One last observation: I looked at your agenda – very interesting but there’s one thing that’s not on there, and I want to ask you to put it on there. This is a point on the demand side, not the supply side. It seems to me that we have moved from an extreme cyber-utopian optimism, 20 years ago to an extreme and massive cyber-fatalism today. Twenty years ago, the internet was going to set everyone free; today, the internet is going to enslave everyone in a hell of fake news, disinformation, and hate speech.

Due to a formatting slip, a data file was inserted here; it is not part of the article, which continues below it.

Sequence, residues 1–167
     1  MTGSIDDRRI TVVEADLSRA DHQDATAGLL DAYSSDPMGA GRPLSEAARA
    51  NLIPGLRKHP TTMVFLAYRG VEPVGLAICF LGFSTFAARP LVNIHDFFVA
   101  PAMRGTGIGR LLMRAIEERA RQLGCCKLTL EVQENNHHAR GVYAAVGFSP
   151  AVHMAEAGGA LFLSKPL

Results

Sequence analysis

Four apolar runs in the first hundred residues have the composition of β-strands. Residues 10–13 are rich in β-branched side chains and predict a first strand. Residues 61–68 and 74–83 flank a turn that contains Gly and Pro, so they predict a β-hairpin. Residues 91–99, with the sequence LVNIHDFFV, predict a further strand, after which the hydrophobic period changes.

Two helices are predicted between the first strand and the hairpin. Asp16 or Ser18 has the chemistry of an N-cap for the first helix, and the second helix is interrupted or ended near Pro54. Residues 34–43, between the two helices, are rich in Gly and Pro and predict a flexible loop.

Not so, not so! The fact is that through the internet, through the media developing online – I love Twitter, I adore Nuzzel. I have access today to a range of uncensored diverse trustworthy sources and information that I couldn’t have dreamed of 40 years ago. It’s much, much better than it was 40 years ago. Because I know how to look and where to look, and as important: how not to look and where not to look. And this is the point, although it’s a kind of bien pensant commonplace to say this, we need education in media and digital literacy. It is absolutely fundamental. I would like everyone involved in media – owners, journalists, academics, NGOs, all of us – to be pressing our governments to introduce mandatory education in digital and media literacy from an early age, because democracy needs an informed citizenry. But an informed citizenry means not just – there is the information available to that citizenry, but also, that we have citizens who know how to look and where to look, how not to look, and where not to look.